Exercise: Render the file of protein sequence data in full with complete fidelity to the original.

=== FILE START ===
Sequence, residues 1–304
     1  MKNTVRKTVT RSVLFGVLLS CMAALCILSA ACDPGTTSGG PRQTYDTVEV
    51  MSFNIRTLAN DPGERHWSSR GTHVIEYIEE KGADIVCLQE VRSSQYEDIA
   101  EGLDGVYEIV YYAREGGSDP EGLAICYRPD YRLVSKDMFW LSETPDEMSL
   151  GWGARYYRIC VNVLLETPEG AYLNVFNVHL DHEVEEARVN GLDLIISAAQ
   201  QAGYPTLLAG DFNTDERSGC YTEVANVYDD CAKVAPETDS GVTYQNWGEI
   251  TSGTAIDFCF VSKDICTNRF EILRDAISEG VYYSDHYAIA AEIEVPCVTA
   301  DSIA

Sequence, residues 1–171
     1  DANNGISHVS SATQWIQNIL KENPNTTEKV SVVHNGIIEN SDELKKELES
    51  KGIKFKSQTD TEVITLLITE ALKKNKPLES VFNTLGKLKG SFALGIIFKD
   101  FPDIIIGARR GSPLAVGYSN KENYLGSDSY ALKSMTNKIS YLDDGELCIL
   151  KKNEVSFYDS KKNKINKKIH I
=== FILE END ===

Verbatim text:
Sequence, residues 1–304
     1  MKNTVRKTVT RSVLFGVLLS CMAALCILSA ACDPGTTSGG PRQTYDTVEV
    51  MSFNIRTLAN DPGERHWSSR GTHVIEYIEE KGADIVCLQE VRSSQYEDIA
   101  EGLDGVYEIV YYAREGGSDP EGLAICYRPD YRLVSKDMFW LSETPDEMSL
   151  GWGARYYRIC VNVLLETPEG AYLNVFNVHL DHEVEEARVN GLDLIISAAQ
   201  QAGYPTLLAG DFNTDERSGC YTEVANVYDD CAKVAPETDS GVTYQNWGEI
   251  TSGTAIDFCF VSKDICTNRF EILRDAISEG VYYSDHYAIA AEIEVPCVTA
   301  DSIA

Sequence, residues 1–171
     1  DANNGISHVS SATQWIQNIL KENPNTTEKV SVVHNGIIEN SDELKKELES
    51  KGIKFKSQTD TEVITLLITE ALKKNKPLES VFNTLGKLKG SFALGIIFKD
   101  FPDIIIGARR GSPLAVGYSN KENYLGSDSY ALKSMTNKIS YLDDGELCIL
   151  KKNEVSFYDS KKNKINKKIH I